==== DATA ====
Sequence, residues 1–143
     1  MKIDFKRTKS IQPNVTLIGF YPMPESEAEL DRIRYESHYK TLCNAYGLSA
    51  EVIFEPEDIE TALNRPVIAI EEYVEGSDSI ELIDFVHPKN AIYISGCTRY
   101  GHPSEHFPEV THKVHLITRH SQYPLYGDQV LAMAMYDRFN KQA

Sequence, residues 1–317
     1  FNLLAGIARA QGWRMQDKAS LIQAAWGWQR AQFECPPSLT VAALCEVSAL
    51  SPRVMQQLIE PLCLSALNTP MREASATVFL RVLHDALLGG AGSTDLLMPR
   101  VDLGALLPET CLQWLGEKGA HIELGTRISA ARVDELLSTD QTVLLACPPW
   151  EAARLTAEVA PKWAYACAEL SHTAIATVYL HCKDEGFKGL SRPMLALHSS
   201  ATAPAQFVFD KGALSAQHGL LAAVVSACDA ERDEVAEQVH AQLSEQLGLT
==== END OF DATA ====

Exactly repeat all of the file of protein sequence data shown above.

Sequence, residues 1–143
     1  MKIDFKRTKS IQPNVTLIGF YPMPESEAEL DRIRYESHYK TLCNAYGLSA
    51  EVIFEPEDIE TALNRPVIAI EEYVEGSDSI ELIDFVHPKN AIYISGCTRY
   101  GHPSEHFPEV THKVHLITRH SQYPLYGDQV LAMAMYDRFN KQA

Sequence, residues 1–317
     1  FNLLAGIARA QGWRMQDKAS LIQAAWGWQR AQFECPPSLT VAALCEVSAL
    51  SPRVMQQLIE PLCLSALNTP MREASATVFL RVLHDALLGG AGSTDLLMPR
   101  VDLGALLPET CLQWLGEKGA HIELGTRISA ARVDELLSTD QTVLLACPPW
   151  EAARLTAEVA PKWAYACAEL SHTAIATVYL HCKDEGFKGL SRPMLALHSS
   201  ATAPAQFVFD KGALSAQHGL LAAVVSACDA ERDEVAEQVH AQLSEQLGLT